The patients were submitted to bronchoprovocation (BPT) with methacholine according to the method standardized in our Division by Mallozi et al.,15 and modified from Chai et al.16 Upon being included in the study, the exclusion intervals of the following drugs were observed: short-acting beta 2 agonists and aminophylline, 8 hours; ipratropium bromide, 12 hours; slow-releasing theophylline, 24 hours; classic antihistamines, 7 days; non-classic antihistamines, 15 days; disodium chromoglycate, 15 days; oral and inhaled corticosteroids, 30 days.

Five BPT's were carried out, always in the morning, interspersed with a day of rest. All patients were asymptomatic and FEV1 was greater than or equal to 80% of the predicted normal values.17

At the first BPT the methacholine PC20FEV1 (concentration of methacholine capable of inducing a 20% fall in the FEV1 baseline value) was established. For this BPT, the methacholine was inhaled in increasing concentrations (0.025; 0.25; 1.0; 2.5; 10.0 and 25.0 mg/mL) until a fall in the FEV1 took place, greater or equal to 20% of the baseline value. The methacholine PC20FEV1 calculation was extrapolated using monolog graph paper.

On subsequent days the patients inhaled fenoterol 15 minutes before the BPT was carried out. The fenoterol was administered using the same inhalation closed circuit (De Vilbiss 646) and 02 (5L/min) in different concentrations each day, distributed using the randomized double-blind method (25 µg, 50 µg, 100 µg and 200 µg).

The BPT's were started after the child had inhaled saline solution to obtain the baseline FEV1. Fenoterol was then inhaled and 15 minutes later, another FEV1 was obtained which became the basal value for the remainder of the test. The BPT began with the inhalation of the previous concentration of methacholine necessary to obtain the initial PC20FEV1, followed by larger doses until the 20% fall in the FEV1 was obtained, establishing a new methacholine PC20FEV1 for each dose of inhaled fenoterol. The PC20FEV1 with values in excess of 38.78 mg/mL were considered to be equal to 40.0 mg/mL.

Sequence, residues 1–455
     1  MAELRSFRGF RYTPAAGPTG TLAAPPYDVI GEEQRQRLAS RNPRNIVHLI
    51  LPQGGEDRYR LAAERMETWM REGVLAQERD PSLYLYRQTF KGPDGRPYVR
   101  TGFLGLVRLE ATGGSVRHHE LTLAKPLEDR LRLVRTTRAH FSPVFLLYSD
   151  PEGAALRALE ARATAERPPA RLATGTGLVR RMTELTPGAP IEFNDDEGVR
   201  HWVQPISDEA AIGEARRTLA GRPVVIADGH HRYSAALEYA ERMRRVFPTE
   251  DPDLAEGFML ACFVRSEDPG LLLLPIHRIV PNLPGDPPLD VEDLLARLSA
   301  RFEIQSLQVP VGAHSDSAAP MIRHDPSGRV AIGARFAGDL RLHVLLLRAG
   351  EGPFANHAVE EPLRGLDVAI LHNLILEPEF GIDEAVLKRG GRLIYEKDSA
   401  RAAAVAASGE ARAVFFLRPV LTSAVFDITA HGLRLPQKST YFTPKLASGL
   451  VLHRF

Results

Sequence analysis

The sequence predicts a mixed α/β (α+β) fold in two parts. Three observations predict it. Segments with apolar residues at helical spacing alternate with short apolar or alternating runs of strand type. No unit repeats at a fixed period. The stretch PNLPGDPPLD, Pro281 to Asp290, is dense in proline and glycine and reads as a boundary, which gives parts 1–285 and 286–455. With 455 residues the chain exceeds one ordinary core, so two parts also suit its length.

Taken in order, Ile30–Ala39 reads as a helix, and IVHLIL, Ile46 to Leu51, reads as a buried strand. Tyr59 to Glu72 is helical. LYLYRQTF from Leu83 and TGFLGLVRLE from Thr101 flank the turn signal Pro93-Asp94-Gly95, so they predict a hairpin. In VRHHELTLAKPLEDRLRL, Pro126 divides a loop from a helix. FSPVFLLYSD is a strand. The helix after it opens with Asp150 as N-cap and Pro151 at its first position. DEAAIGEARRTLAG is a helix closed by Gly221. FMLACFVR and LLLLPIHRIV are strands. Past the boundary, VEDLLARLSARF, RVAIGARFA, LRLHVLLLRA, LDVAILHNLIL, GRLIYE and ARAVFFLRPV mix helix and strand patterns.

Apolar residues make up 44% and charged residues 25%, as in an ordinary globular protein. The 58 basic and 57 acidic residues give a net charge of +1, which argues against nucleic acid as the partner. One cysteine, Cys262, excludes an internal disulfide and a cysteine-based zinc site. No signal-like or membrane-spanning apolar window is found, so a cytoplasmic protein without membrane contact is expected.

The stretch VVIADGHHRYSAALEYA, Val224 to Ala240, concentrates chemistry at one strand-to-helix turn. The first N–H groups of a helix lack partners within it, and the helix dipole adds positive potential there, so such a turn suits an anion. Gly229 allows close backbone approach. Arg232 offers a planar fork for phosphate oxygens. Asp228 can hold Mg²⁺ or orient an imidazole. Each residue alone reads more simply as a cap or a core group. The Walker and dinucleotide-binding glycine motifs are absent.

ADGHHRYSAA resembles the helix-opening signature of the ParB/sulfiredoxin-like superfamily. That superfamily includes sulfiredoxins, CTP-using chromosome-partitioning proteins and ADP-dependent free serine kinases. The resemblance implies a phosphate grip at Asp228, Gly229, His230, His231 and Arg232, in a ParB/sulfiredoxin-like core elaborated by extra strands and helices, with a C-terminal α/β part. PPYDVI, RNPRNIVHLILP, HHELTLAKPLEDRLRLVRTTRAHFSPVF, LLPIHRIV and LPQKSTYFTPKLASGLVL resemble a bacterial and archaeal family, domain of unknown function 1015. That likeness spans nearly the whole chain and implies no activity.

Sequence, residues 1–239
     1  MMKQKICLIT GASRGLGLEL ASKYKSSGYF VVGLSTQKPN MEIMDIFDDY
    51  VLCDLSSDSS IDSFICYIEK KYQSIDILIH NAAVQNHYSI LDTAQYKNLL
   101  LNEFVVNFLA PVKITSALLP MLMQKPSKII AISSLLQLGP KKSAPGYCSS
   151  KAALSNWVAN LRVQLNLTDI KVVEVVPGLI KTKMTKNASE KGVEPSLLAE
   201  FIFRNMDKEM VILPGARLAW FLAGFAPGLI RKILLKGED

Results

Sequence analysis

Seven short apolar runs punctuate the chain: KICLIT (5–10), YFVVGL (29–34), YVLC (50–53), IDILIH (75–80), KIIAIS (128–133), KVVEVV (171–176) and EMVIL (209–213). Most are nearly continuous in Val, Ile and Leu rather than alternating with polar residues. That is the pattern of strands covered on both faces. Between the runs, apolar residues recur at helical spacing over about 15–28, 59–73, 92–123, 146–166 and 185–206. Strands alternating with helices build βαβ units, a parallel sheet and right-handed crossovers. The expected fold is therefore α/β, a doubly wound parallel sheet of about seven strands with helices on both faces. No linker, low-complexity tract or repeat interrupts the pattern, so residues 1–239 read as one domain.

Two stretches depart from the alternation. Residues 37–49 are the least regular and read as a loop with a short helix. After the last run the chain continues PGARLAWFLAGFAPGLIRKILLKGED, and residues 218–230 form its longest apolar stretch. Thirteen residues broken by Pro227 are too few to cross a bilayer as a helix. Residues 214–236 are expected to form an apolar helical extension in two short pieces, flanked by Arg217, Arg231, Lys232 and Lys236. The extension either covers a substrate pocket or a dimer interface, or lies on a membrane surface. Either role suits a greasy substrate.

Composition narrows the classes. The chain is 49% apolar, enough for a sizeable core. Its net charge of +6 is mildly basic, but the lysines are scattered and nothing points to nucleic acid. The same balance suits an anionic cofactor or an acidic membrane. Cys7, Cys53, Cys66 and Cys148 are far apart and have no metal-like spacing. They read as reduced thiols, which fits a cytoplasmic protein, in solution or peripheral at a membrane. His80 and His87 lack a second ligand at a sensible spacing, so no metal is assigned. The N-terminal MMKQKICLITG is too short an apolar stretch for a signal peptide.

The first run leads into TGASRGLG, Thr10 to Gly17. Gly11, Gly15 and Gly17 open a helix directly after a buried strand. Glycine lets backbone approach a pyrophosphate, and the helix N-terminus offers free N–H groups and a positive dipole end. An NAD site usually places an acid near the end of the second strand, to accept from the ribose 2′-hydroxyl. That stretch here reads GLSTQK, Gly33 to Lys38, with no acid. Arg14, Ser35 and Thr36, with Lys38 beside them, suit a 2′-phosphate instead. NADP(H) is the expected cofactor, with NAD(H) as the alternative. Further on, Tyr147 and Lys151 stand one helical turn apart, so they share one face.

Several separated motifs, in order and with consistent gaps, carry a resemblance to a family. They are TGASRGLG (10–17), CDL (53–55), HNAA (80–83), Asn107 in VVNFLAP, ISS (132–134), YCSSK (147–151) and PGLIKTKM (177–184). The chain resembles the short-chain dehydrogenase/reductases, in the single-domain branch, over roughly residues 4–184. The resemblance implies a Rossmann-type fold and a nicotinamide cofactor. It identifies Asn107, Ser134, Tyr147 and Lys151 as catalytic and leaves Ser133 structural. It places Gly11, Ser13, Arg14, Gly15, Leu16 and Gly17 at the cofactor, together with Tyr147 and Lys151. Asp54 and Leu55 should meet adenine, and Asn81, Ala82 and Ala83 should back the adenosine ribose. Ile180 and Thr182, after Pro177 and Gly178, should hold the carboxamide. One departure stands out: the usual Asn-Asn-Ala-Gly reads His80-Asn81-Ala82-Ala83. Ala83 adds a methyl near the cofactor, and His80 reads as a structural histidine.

The methacholine PC20FEV1 were expressed in mg/mL for each inhaled fenoterol concentration and in relation to the value obtained during the first provocation, by simple division. To analyse the results, non-parametric tests were used (Friedman, Fisher) considering the null hypothesis rejection level at 5%.



All the children underwent the BPT without presenting any adverse effects. The initial PC20FEV1 of all of them was equal to or less than 8 mg/mL. The analysis of the various PC20FEV1 observations showed values significantly higher than baseline after inhalation of 100 and 200µg of fenoterol (Table 1).



The ratio between the two PC20FEV1 values, obtained before and after protection using the four inhaled doses is shown in Table 2. Considering a ratio of at least 2 (doubling dose) as a positive value, the mean ratio after inhalation of 25 µg of fenoterol was 4.3. However, only 2 patients were in fact protected. The same result was observed with the 50 µg dose; in this case 4 of the 9 patients were protected (p= 0.3147). With the 100 and 200 µg concentrations all the patients were protected.



The response to the inhalation of different doses of fenoterol showed, after 15 minutes, a similar increase (9 to 12%) in the FEV1 values, with no significant differences.



Short-acting beta 2 agonists, because of their bronchodilating effect, are widely used in treating acute exacerbations of asthma and in the prevention of EIA.